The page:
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Unformatted text preview: Chapter 20 - Managing Credit Risk on the Balance Sheet Answers to Chapter 20 Questions 1. Credit risk management is important for bank managers because it determines several features of a loan: interest rate, maturity, collateral and other covenants. Riskier projects require more analysis before loans are approved. If credit risk analysis is inadequate, default rates could be higher and push a bank into insolvency, especially if the markets are competitive and the margins are low. 2. The techniques used for mortgage loan credit analysis are very similar to those applied to individual and small business loans. Individual consumer loans are scored like mortgages, often without the borrower ever meeting the loan officer. Unlike mortgage loans for which the focus is on a property, however, nonmortgage consumer loans focus on the individuals ability to repay. Thus, credit scoring models put more weight on personal characteristics such as annual gross income, the TDS score, and so on. Small business loans are more complicated because the FI is frequently asked to assume the credit risk of an individual whose business cash flows require considerable analysis, often with incomplete accounting information available to the credit officer. The payoff for this analysis is also small, by definition, because loan principal amounts are usually small. A $50,000 loan with a 3 percent interest spread over the cost of funds provides only $1,500 of gross revenues before loan loss provisions, monitoring costs, and allocation of overheads. This low profitability has caused many FIs to build small business scoring models similar to, but more sophisticated than, those used for mortgages and consumer credit. These models often combine computer-based financial analysis of borrower financial statements with behavioral analysis of the owner of the small business. 3. The monthly payment for this mortgage will be $587 ($80,000 = PMT(PVIFA 8%/12, 30 12 )), the tax payment is $100 per month and she earns $2,500 per month. So her GDS = (587+100)/2,500 = .2748. Thus Jane is eligible for the loan. 4. Jane Does credit score is calculated as follows: Characteristic Value Score Annual gross income $45,000 20 TDS 10% 40 Relations with FI Checking account 10 Major credit cards 5 10 Age 27 25 Residence Own/Mortgage 20 Length of residence 2 2 years 25 Job stability 5 2 years 50 Credit history Missed 2 payments 1 year ago -15 Score 185 The loan request will go to the credit committee for review and decision. 20-1 Chapter 20 - Managing Credit Risk on the Balance Sheet 5. Besides the obvious difference in the sizes the borrowers, there is also a more well defined corporate structure and a clearer delineation of the corporate assets from the personal assets of the owners. The mid-market borrower is also more likely to have a track record to use as a basis for future performance.for future performance....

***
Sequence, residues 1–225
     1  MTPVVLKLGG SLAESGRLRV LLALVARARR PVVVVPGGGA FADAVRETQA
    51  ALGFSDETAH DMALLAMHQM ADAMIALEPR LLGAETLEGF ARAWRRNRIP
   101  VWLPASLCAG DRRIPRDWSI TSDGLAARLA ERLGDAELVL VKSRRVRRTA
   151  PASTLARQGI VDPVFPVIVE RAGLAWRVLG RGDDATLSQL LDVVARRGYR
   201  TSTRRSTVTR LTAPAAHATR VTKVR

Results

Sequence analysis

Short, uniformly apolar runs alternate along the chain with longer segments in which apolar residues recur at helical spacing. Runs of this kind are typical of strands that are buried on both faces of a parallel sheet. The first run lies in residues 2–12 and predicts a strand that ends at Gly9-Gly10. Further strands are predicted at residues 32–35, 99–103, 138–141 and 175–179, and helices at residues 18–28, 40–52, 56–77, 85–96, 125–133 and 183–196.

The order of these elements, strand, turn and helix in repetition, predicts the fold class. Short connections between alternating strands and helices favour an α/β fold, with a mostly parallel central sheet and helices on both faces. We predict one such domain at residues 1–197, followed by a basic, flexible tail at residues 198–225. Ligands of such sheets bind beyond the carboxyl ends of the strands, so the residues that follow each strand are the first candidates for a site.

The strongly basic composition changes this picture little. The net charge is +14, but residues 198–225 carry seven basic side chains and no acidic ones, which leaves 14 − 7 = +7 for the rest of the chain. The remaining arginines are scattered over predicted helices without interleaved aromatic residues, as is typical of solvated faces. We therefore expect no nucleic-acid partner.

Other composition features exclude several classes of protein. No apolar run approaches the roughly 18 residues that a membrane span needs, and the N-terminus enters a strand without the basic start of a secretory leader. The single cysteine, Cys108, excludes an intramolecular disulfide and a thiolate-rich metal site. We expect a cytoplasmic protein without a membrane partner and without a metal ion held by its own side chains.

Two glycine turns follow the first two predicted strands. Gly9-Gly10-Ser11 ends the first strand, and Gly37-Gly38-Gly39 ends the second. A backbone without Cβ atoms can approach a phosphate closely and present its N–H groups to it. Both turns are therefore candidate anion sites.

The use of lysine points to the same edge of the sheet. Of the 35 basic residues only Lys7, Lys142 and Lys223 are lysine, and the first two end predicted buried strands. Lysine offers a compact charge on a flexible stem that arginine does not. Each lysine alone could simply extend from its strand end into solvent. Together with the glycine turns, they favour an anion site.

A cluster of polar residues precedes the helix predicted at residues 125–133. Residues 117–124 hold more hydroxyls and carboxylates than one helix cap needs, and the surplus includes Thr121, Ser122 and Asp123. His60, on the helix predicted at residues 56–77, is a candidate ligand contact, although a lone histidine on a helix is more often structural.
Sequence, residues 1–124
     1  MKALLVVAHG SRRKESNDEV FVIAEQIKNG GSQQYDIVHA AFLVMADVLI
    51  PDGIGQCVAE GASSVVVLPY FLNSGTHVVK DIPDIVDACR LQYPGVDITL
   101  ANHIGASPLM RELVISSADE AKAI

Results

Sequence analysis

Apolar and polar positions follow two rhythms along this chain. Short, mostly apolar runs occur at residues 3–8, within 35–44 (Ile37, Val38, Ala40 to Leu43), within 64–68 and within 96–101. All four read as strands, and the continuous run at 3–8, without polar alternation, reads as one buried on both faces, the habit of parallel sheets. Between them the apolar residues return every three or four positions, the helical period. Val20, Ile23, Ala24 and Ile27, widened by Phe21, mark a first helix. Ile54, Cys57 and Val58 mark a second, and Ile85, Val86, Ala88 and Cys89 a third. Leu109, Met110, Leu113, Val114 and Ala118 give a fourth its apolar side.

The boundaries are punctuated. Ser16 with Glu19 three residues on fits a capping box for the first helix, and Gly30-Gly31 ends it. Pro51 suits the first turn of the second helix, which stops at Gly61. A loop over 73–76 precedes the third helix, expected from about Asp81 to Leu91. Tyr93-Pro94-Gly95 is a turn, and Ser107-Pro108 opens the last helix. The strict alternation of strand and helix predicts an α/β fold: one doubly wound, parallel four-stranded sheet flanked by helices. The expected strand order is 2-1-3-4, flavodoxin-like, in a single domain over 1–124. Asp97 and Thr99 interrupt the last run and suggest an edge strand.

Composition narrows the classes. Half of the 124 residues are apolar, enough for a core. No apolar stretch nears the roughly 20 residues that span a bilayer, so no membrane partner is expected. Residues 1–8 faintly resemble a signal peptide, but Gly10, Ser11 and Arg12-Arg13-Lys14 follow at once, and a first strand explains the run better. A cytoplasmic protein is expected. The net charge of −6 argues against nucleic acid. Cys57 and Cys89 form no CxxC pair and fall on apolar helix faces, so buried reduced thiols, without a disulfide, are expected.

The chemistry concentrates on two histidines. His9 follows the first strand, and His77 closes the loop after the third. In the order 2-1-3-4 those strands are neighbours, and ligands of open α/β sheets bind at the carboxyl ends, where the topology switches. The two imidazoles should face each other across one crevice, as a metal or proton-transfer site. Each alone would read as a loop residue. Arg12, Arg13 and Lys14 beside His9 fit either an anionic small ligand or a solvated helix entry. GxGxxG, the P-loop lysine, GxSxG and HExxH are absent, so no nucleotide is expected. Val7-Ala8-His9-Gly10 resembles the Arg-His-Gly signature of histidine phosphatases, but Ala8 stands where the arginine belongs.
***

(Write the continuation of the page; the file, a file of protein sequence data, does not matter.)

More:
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This note was uploaded on 02/28/2012 for the course FINE 442 taught by Professor Larbihammami during the Spring '12 term at McGill.
- Spring '12